Our years in Germany shaped the lives of everyone in our family in ways that, 65 years later, my sister and I are still coming to understand and appreciate. My guess is that any spouse or brat who did not take the Army’s offer of evacuation during the Berlin Airlift feels that same. My mother said she was not leaving, that, in old army terms, “I can stay the winter, no matter how bad it is.” Watching her learn to shoot and MI carbine was fantastic, and to this day, I can still clearly see the image of her carbine, with a 20 round clip in it, round in the chamber, hanging by its sling next to her and dad’s bed. Read the rest of this entry »
by Circe Olson Woessner
In 2014, a man named Reiner contacted me after I posted a memory piece and some photos about the 3/11 ACR families stationed in Bad Hersfeld, West Germany right before the fall of the Iron Curtain. He asked if he could reuse some of the blog photos because he was working on a special project in his home town in Germany. I immediately sent him several, and just recently, I e-mailed him a couple more.
I really liked this one, and wanted to share it:
In September, 2015, Reiner he replied, saying,
“Thank you so much for the two photos. My small collection of pictures and information about OP-India and the region until its closure in 1990, has progressed very well. We have checked the tower in the meantime, and our municipality wants to ensure the restoration. In the observation room, we are… a large number of many images exhibit to document the life here during the Cold War.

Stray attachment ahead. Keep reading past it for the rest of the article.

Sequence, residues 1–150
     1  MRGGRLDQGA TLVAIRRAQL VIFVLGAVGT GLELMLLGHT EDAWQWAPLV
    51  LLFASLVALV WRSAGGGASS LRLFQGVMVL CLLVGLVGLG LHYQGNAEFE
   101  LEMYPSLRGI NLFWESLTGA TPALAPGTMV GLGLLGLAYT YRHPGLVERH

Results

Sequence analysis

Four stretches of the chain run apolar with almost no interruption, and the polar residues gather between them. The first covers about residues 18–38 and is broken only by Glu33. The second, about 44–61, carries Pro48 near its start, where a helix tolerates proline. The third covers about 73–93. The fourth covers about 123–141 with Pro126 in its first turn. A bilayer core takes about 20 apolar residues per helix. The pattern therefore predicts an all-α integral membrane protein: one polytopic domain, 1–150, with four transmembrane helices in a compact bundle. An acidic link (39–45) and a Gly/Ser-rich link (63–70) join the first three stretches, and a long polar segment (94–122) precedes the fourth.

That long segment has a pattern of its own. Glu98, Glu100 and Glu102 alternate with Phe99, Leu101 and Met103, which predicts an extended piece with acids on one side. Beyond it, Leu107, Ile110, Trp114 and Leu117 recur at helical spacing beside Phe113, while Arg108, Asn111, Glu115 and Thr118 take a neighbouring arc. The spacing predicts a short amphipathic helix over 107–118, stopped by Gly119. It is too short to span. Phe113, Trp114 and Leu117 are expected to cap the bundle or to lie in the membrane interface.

So should you have more pictures, please send them to me via email.
Thanks again for your trouble.
Greetings from Lüderbach in central Germany
Because I, too, am in the process of creating a museum (the Museum of the American Military Family) I asked him if he had any photos from OP India showing the renovation progress–
“Thank you for your e-mail. In the appendix you can find 2 pictures of the clean up this March. It was not a nice weather, it snowed lightly. We have cleaned up the former observation room. Everything from the walls, floor and ceiling. Thus, only the pure concrete is still left. By the way, the man with the broom in brown overalls, that’s me. Today we have had a meeting to coordinate further action. We have to open the target of the tower and the trail involved next year. I will continue to take pictures and send them to you.
Greetings from the beautiful Lüderbach
As the renovations continue, I will continue to post updates—and show photos.
Here are the links to the Lüderbach website and Facebook page.
If anyone has photos of OP INDIA and would like to help Reiner with this project, please email them to: